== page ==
Ongoing click-and-collect ban 'mystifying' and 'lacks common sense', say business owners

Ongoing click-and-collect ban 'mystifying' and 'lacks common sense', say business owners

Jim and Pam O'Regan of Saville in Cork. Ms O'Regan said her biggest bone of contention is the lack of common sense behind the continued ban on click-and-collect. Picture: Denis Minihane

The continued ban on click-and-collect services for retail is “mystifying”, a representative group has said, as public health restrictions begin to ease.

From Monday, the 5km travel limit was lifted to accommodate countywide travel or 20km travel from home for those living near borders, while households can meet one other household outdoors, but not in gardens.

Construction has also partially reopened, and schools returned to in-class tuition.

However, Neil McDonnell, chief executive of business group Isme, said there was “real frustration” over the continued restrictions for non-essential retail.

“The fact that click-and-collect was not brought in in that scenario is mystifying. We’re very disappointed from that perspective,” he said.

Mr McDonnell acknowledged setting up click-and-collect services was difficult because it’s an “entirely new supply chain”, but added it would allow specific retailers to resume trading while keeping stores closed to customers.

“It’s far from an ideal choice… But it’s at least something and if it was available now, certain members – fashion retail, footwear and jewellery – could be back to some level of trading,” he added.

Lack of common sense

Pam O’Regan, director of Saville menswear in Cork, said the “biggest bone of contention” is the “lack of common sense” behind the continued ban.

“We can’t understand it at all. You can click and collect food but not clothing? It’s a bit nuts. We were doing quite nicely in the last lockdown but this time they banished it completely,” she said.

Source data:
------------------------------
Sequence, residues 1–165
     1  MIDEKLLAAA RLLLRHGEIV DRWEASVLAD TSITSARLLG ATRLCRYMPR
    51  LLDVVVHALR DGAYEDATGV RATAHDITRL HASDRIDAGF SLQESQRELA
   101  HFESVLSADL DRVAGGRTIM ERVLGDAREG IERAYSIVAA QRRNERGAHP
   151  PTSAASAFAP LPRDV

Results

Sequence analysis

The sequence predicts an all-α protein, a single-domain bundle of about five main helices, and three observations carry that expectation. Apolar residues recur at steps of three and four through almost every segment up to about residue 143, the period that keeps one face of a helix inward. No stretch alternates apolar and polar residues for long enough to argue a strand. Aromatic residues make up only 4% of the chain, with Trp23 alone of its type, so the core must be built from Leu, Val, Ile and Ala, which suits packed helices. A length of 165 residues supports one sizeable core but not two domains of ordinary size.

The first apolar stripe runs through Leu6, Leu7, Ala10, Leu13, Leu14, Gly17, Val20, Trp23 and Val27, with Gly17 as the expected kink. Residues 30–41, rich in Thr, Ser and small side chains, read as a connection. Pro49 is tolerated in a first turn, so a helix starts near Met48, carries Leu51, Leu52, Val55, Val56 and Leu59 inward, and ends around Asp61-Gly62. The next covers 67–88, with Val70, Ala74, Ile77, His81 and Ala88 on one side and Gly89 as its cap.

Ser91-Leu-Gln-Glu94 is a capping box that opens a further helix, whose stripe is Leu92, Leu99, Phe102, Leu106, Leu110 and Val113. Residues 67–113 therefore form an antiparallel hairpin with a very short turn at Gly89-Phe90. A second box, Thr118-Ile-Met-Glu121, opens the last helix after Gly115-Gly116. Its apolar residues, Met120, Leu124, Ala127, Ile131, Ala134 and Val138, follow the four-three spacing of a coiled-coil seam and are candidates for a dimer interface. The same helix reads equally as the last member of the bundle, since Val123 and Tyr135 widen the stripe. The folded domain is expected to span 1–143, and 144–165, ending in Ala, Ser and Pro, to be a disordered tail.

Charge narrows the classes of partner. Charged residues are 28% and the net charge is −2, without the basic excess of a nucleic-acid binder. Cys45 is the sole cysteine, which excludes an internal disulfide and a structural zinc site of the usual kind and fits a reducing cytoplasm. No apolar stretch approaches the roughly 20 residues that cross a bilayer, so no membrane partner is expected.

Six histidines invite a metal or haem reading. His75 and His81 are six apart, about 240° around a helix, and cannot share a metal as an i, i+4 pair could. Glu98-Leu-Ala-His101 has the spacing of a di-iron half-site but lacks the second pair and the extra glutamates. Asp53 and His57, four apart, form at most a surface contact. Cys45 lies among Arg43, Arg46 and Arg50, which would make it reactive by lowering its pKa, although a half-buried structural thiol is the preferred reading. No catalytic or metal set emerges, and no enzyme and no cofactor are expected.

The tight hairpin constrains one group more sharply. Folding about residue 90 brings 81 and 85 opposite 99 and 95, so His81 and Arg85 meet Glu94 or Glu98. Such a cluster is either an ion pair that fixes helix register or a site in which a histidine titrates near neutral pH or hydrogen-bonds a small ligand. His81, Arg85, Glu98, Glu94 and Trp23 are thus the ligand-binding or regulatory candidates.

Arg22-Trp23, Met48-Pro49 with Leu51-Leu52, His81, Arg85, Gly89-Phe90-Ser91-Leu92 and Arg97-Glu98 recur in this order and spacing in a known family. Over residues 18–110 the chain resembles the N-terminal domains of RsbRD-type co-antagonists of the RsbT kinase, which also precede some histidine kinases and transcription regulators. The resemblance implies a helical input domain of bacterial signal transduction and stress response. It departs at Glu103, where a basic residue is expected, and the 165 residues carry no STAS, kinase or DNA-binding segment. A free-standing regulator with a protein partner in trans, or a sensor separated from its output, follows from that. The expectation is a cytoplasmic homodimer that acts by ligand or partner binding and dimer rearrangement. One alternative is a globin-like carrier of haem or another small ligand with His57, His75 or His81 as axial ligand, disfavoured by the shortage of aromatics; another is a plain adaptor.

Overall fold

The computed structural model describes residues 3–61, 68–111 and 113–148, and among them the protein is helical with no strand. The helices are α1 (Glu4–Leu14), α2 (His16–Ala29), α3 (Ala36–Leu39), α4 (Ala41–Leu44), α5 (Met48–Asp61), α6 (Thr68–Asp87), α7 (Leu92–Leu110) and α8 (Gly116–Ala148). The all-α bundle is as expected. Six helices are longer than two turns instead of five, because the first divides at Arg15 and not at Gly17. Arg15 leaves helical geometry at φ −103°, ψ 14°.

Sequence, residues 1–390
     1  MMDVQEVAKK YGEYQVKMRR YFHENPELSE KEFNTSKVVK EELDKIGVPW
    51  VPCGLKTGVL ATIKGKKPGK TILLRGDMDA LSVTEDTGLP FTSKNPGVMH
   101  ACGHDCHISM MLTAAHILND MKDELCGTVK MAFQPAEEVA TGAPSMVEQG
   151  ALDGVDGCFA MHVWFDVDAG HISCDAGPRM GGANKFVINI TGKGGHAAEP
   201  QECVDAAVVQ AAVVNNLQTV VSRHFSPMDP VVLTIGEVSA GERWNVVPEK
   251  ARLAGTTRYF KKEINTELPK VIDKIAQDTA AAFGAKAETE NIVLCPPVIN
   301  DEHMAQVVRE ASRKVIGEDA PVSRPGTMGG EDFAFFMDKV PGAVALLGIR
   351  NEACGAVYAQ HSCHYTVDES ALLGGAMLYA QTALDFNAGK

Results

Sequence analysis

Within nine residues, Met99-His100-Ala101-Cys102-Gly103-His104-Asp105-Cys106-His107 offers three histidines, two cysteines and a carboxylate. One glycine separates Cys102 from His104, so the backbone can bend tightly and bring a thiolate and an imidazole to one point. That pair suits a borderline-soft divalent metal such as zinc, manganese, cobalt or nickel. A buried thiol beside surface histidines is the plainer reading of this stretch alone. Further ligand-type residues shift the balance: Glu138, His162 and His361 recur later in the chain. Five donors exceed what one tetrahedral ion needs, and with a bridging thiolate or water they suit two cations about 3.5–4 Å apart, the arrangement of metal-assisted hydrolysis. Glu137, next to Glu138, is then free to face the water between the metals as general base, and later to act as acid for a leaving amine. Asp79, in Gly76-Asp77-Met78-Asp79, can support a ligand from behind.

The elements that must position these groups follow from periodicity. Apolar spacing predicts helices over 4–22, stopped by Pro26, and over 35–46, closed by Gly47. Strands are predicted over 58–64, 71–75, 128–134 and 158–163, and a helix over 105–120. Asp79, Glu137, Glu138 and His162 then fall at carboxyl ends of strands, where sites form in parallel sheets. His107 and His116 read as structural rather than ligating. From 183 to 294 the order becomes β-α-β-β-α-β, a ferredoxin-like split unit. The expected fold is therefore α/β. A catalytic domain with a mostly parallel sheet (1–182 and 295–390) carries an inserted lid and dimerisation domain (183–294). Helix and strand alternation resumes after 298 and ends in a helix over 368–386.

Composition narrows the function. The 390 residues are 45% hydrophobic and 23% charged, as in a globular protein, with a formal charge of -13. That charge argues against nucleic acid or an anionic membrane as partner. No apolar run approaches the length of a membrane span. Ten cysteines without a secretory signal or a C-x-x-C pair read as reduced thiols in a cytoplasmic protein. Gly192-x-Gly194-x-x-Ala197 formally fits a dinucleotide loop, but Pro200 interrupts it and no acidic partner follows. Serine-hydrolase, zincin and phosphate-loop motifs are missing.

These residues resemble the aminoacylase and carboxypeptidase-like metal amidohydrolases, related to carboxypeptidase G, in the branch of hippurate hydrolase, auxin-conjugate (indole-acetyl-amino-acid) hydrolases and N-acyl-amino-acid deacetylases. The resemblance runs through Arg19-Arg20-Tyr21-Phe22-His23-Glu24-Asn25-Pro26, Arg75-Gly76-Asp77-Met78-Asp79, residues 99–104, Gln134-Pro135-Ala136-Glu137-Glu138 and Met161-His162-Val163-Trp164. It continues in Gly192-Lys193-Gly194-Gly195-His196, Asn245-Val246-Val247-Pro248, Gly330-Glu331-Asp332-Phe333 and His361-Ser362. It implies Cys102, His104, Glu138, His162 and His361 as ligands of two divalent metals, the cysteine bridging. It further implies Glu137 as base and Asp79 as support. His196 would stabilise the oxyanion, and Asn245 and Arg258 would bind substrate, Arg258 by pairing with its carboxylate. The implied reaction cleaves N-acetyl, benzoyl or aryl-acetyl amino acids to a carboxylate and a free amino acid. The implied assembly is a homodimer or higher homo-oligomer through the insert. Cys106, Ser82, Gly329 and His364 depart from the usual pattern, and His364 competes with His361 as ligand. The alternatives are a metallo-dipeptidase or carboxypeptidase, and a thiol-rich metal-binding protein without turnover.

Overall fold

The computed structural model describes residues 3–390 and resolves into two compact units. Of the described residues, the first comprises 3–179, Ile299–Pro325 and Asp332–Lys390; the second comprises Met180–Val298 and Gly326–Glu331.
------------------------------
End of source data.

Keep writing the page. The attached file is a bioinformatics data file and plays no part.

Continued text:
“We did it [shopping] over Zoom calls or word of mouth, we had it all wrapped and ready, the payment was made over the phone, and the person would come to the door so it would be passed out and that was it. No problem, off they go.” 

She also proposed appointment-only reopening for non-essential retail.

Adrian Cummins, chief executive of the Restaurants Association of Ireland, said  countywide travel would allow for greater freedoms, which could result in increased customer numbers for restaurants and cafes at beauty spots or walkways.

Roadmap for dining

However, this is "not a silver bullet", he said, while calling for a roadmap for when outdoor and indoor dining would be permitted to resume.

Adrian Cummins, chief executive of the Restaurants Association of Ireland called for a roadmap for when outdoor and indoor dining would be permitted to resume. Picture: Burak K/Pexels
Adrian Cummins, chief executive of the Restaurants Association of Ireland called for a roadmap for when outdoor and indoor dining would be permitted to resume. Picture: Burak K/Pexels

Michael O’Donovan, Cork City and County chairman of the Vintners’ Federation, said local authorities should examine how best to maximise public spaces to assist restaurants and bars to get back on their feet.

Publican Ernest Cantillon, who owns Electric and Sober Lane in Cork city, said his businesses are “food-centric” which has kept him going in recent months.

“There’s a lovely park near Electric. At the moment, we’re just selling takeaway food, but we’re selling it out into the park. The takeaway drinks have started around Cork in the last couple of weeks,” he said.

“I think we’ll wait a week or two just to see how it’s going. The main challenge for us is just to make sure it doesn’t get too busy. That happened at Christmas where there were just too many people congregating outside the pubs.”

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From florist to fraudster, leaving a trail of destruction from North Cork, to Waterford, to Clare, to Wexford and through the midlands ... learn how mistress of re-invention, Catherine O'Brien, scammed her way around rural Ireland.

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